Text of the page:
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Harborough Museum

Brocade shoes of Papillon Hall

Brocade shoes of Papillon Hall

The shoes from Papillon Hall were reportedly owned by the Spanish mistress of David Papillon (1691-1762), known as Old Pamp. She was kept prisoner in the attic of the house and would take her exercise on the roof of the Hall.

She died in mysterious circumstances around 1715. There was no record of her death. However in 1903 during alterations to the hall, a body was found walled up somewhere in or near Old Pamp’s Attic. It may well be that she was the owner of the shoes, upon which legend has it she left a curse that would bring death and disaster to the owner of the house if ever the shoes in which she walked were to leave the house.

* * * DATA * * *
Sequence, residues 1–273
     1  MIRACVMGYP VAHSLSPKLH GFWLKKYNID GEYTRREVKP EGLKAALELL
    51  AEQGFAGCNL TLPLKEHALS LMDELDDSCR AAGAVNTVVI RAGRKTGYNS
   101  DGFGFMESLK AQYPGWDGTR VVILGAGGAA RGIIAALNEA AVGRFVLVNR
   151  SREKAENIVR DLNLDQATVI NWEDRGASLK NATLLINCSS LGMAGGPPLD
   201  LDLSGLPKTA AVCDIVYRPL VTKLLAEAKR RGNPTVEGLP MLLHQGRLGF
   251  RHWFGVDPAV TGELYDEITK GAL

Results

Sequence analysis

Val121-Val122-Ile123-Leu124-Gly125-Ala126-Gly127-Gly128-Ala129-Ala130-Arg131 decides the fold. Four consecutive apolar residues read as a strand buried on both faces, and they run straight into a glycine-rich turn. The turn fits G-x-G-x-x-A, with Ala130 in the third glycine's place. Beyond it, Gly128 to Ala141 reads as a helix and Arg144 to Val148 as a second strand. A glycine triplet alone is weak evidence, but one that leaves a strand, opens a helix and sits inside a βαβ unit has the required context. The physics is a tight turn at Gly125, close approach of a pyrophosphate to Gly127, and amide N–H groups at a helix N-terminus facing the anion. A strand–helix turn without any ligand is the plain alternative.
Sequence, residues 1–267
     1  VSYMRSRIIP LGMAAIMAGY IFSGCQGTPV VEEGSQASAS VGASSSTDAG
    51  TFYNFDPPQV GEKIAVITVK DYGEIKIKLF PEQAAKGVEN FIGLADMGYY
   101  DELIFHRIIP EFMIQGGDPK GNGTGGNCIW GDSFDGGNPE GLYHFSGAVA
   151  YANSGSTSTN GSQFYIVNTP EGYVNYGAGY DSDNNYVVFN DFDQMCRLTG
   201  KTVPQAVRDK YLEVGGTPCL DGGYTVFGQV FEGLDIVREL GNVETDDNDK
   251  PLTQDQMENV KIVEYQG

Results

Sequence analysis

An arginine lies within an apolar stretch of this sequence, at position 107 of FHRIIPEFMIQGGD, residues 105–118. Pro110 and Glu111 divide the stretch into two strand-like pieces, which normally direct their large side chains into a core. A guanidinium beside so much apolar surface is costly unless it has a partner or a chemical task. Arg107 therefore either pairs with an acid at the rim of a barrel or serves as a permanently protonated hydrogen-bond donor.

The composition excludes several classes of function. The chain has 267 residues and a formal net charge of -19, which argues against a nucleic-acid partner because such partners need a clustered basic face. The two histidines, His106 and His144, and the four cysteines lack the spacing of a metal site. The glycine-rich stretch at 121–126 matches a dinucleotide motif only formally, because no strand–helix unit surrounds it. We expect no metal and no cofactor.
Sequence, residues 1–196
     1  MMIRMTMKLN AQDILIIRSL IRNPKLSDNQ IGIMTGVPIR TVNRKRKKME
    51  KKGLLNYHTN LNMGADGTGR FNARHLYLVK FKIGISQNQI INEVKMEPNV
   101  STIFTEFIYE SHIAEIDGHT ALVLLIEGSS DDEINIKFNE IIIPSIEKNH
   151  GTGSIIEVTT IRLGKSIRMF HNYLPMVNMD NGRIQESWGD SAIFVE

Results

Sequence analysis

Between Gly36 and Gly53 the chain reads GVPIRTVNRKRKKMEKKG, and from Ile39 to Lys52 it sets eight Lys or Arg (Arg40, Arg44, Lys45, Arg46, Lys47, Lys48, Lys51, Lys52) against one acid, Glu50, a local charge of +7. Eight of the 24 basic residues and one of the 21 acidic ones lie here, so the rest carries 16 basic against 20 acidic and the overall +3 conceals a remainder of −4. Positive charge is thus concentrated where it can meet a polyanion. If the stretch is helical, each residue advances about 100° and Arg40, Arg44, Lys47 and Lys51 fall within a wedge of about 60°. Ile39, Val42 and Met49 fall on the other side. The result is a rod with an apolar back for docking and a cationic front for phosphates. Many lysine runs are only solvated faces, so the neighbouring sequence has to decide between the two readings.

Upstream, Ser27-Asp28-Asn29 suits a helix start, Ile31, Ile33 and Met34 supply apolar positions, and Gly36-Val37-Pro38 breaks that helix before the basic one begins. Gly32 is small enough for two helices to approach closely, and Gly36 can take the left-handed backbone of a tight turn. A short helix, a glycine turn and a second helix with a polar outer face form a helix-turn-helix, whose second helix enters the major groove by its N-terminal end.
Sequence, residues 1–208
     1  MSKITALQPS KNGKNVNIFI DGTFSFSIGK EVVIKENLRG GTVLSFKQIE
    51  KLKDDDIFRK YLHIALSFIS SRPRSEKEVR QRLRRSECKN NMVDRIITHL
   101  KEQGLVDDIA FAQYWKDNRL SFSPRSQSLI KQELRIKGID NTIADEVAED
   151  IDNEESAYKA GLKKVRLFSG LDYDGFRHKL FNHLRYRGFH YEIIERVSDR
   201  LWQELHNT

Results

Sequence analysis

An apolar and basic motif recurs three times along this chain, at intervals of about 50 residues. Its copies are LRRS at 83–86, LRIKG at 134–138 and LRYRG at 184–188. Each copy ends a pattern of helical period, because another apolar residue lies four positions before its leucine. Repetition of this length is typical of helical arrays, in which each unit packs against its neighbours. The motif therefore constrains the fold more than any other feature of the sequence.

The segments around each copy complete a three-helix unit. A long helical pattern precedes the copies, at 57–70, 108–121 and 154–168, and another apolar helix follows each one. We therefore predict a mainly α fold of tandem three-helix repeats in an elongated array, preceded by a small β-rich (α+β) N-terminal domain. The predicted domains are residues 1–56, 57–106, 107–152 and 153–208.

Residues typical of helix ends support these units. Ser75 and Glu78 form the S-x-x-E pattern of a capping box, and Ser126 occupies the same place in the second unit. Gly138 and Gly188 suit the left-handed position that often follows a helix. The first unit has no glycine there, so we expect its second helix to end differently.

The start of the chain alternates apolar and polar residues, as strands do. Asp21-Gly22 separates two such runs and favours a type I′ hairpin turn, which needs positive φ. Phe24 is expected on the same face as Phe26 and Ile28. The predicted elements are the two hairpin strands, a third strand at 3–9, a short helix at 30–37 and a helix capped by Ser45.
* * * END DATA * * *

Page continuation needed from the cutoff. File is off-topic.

During the time Thomas Holford owned the house, the shoes were sent to Paris for an exhibition. From that moment, life at the hall became intolerable with strange knockings and sounds all over the house. They endeavored to get the shoes back but could not retrieve them until the exhibition had finished, so there was nothing for it but to vacate the hall. The next owner of the hall built a small container into the wall above the Hall fireplace with a strong metal grill and a padlock, so that the shoes could be seen but not touched.

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